That’s a photo of a bottle of artisanal Brooklyn-made heirloom pepper probiotic hot sauce that was produced via a Kickstarter campaign.  I’m going to get back to it by the end of this post.

The past few weeks have been hard, also cold.  On Monday I met up with a good friend for dinner. I hadn’t seen her in a long time because she’d been in L.A.  She’s thinking of going to live there for a while. “I’ve just been feeling like everything is really hard here,” she said.  I usually try and peptalk people who say this. I’m worried about more of my friends leaving. I’m worried that if too many of them leave, I’ll have to leave too.  But that night I didn’t have the energy to deliver the peptalk.  She’s right, it is hard, stupidly hard.  It’s cold here and a lot of people are awful. Good things disappear and bad things take their place. Rich people have too much power and they abuse it. The worst men you can imagine are fucking beautiful, talented women. Young people’s idealism and energy is siphoned off vampirically by exploitative bosses.   Basic things are too expensive here, and expensive things are often offensively mediocre.  Like the dinner we were eating.  Or maybe I just wasn’t that hungry.  

I hardly need to tell you that I love food, but sometimes I lose my appetite. Sometimes it can be hard to tell whether I’ve lost interest in food because I’m sad, or whether I’m sad because I’ve lost interest in food; it becomes a vicious cycle.  At my lifetime serotonin-level nadir, January through approximately June of 2008, I lived mostly on health food store-brand frosted miniwheats and soymilk; I didn’t have the energy for anything else. I forgot why people cook or eat in restaurants.  But then at some point I made soup with my visiting brother, and later tomato salad for a barbeque.  Gradually, without really noticing it was happening, I started eating and cooking like a normal person.  After that winter was over, I never bought that brand of cereal again.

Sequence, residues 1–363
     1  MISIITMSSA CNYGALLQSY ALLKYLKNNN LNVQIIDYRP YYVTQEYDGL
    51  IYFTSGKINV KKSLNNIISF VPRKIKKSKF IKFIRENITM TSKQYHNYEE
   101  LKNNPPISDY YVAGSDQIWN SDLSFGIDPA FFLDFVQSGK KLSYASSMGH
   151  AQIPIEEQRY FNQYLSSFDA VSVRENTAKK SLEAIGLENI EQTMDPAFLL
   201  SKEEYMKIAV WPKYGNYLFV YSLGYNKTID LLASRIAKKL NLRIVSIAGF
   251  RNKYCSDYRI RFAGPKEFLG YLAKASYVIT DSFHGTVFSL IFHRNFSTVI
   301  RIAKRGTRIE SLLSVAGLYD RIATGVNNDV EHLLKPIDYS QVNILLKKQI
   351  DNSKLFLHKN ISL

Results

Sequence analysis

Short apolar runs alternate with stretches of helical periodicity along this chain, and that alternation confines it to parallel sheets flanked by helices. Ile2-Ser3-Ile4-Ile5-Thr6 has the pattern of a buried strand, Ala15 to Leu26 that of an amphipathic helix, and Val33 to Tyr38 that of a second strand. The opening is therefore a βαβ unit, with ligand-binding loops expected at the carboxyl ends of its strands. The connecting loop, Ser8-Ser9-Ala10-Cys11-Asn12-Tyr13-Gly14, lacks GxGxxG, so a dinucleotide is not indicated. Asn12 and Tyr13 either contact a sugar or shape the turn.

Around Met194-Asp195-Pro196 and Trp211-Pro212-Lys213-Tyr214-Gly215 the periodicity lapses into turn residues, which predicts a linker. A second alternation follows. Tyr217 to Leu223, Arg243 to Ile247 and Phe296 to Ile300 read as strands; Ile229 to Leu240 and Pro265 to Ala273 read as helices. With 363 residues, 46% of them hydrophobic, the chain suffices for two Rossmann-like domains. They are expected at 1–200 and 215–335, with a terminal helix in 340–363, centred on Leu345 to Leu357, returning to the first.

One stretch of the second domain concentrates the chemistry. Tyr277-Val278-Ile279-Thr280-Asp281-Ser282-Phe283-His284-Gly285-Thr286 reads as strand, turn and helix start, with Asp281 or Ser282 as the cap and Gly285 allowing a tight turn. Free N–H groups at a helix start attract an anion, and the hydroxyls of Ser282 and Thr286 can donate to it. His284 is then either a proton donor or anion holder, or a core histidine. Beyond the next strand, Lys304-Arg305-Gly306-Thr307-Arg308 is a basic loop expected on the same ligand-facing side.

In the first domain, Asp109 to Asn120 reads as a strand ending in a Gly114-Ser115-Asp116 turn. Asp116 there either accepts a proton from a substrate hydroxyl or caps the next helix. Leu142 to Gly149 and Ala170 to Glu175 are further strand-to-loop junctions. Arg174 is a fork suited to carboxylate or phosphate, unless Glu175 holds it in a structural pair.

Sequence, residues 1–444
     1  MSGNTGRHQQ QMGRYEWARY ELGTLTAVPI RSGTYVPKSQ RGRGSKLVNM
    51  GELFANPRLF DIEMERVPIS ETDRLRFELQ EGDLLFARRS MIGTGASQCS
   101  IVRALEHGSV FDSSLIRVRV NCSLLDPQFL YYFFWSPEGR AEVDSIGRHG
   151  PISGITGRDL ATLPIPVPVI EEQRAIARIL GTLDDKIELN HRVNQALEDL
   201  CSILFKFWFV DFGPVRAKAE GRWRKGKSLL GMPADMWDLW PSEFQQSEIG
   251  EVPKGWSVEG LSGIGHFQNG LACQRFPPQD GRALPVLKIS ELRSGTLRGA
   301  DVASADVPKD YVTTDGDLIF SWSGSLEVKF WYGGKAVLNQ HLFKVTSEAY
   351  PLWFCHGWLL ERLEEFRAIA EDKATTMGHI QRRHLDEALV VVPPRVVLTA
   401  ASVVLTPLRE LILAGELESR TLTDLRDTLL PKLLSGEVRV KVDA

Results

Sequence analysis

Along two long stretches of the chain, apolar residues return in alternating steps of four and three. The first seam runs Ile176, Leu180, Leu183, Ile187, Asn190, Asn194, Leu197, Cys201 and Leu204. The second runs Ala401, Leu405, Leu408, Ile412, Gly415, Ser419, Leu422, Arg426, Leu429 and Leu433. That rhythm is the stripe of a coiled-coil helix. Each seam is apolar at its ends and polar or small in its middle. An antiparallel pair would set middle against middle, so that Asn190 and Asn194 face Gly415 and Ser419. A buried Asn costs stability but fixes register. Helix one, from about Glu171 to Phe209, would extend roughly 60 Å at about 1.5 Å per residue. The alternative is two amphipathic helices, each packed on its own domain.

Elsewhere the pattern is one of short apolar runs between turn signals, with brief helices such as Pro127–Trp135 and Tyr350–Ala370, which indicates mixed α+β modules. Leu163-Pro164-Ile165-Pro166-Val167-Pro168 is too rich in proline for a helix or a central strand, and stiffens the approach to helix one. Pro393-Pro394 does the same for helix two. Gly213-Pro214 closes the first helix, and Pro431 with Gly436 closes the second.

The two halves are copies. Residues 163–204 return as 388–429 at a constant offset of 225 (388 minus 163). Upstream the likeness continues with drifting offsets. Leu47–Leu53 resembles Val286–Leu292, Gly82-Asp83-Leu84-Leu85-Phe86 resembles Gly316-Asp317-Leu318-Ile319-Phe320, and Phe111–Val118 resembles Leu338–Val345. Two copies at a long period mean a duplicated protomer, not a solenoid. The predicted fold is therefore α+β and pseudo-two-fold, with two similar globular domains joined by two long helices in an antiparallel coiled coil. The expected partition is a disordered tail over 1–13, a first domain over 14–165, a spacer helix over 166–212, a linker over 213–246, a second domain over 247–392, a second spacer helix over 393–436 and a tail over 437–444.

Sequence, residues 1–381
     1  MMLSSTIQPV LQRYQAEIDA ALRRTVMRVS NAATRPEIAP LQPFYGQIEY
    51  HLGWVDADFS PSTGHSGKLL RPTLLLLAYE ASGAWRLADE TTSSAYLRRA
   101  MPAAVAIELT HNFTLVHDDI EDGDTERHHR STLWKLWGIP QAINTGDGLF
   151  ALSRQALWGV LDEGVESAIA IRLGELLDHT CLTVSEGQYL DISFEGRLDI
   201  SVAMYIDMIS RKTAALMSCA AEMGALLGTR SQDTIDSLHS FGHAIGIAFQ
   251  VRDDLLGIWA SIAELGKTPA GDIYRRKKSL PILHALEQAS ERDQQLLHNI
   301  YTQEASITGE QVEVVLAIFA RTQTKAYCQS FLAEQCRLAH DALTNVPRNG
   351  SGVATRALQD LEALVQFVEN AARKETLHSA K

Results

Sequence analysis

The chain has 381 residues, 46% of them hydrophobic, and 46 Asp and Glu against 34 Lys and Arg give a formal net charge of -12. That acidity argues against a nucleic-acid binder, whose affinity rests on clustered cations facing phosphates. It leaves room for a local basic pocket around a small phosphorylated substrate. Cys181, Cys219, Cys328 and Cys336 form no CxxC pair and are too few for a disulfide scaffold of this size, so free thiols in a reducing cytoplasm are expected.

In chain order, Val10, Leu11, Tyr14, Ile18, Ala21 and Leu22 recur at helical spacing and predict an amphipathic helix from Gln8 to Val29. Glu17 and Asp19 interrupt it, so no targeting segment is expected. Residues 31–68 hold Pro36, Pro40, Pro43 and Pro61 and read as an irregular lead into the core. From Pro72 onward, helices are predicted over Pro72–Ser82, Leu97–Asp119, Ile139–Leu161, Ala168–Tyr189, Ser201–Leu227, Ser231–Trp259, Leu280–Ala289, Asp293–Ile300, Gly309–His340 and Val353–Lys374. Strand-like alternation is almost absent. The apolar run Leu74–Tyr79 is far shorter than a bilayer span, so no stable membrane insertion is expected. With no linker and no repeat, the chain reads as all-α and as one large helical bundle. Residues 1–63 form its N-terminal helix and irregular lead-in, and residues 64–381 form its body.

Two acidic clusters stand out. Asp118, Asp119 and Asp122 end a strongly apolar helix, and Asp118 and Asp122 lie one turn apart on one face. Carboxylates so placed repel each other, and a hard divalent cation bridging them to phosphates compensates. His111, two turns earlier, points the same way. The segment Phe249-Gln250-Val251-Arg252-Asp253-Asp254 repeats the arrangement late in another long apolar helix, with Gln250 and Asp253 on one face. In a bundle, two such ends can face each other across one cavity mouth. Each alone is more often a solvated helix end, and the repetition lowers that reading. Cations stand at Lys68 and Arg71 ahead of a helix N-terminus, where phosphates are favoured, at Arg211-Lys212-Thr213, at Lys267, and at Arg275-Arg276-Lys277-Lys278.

I’m not chemically depressed now, but have been sick a lot and a bit anxious.  It’s also just hard to get excited about food at this time of year: I’ve exhausted all the wintry stews and soups in my repertoire, there’s nothing in the farmer’s market but greenhouse lettuce, leggy kale, apples and roots that have already been stored a little bit too long.  Grocery shopping, usually a highlight of my week, feels more like a chore. I resent having to spend money I don’t have on food I’m not excited to cook or eat. Winter citrus is even a little bit past its prime.  It feels like time for something new to happen, but there are still months to go till spring. 

On Saturday I didn’t have enough time or inspiration to shop for a real dinner, so I did something I almost never do: bought prepared food from the counter at Greene Grape Provisions, a store I tend to avoid because a) once in the produce aisle I ran into a long-ago acquaintance, recently arrived home from her honeymoon, who’d just bought a place in the neighborhood and was curious to know whether I was “still writing” and b) it is so idiotically, offensively expensive.  I bought a $9 chicken leg and $11 worth of roasted cauliflower and fennel.  I made a mental note to bury the wrappers deep in the trash after I put the food on plates so Keith wouldn’t see them. 

The man who kickstarted this hot sauce was doing a demo in the store, singing his sauce’s artisanal sustainable probiotic praises.  And I mean, bless him, I’m sure the sauce is delicious.  But there I was, grudgingly buying one scanty dinner for money that could have provided ingredients for several meals if only I hadn’t been too lazy and disorganized and in denial about the inevitability of hunger.  And in that moment, I irrationally hated this man and his hot sauce.  I hated myself for living in a place that can be such a caricature of itself, where some people have so much and some people have so little and the rest of us pretend we have what we need, lest we allow ourselves to realize how likely it is that we’ll never get it. And I thought about the work I am doing to pay for what I’ve eaten here already.